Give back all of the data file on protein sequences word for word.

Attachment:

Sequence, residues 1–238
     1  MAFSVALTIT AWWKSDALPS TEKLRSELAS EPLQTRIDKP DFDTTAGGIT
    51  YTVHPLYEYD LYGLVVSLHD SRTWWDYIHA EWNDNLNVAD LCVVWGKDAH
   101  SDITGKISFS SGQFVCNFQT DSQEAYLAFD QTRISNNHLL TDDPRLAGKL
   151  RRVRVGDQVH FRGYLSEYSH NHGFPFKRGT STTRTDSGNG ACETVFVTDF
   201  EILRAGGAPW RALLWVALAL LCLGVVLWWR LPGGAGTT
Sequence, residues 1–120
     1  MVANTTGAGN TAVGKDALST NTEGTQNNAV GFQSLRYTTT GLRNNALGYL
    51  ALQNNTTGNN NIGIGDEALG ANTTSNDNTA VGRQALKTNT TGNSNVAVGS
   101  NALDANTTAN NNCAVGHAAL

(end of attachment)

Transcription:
Sequence, residues 1–238
     1  MAFSVALTIT AWWKSDALPS TEKLRSELAS EPLQTRIDKP DFDTTAGGIT
    51  YTVHPLYEYD LYGLVVSLHD SRTWWDYIHA EWNDNLNVAD LCVVWGKDAH
   101  SDITGKISFS SGQFVCNFQT DSQEAYLAFD QTRISNNHLL TDDPRLAGKL
   151  RRVRVGDQVH FRGYLSEYSH NHGFPFKRGT STTRTDSGNG ACETVFVTDF
   201  EILRAGGAPW RALLWVALAL LCLGVVLWWR LPGGAGTT
Sequence, residues 1–120
     1  MVANTTGAGN TAVGKDALST NTEGTQNNAV GFQSLRYTTT GLRNNALGYL
    51  ALQNNTTGNN NIGIGDEALG ANTTSNDNTA VGRQALKTNT TGNSNVAVGS
   101  NALDANTTAN NNCAVGHAAL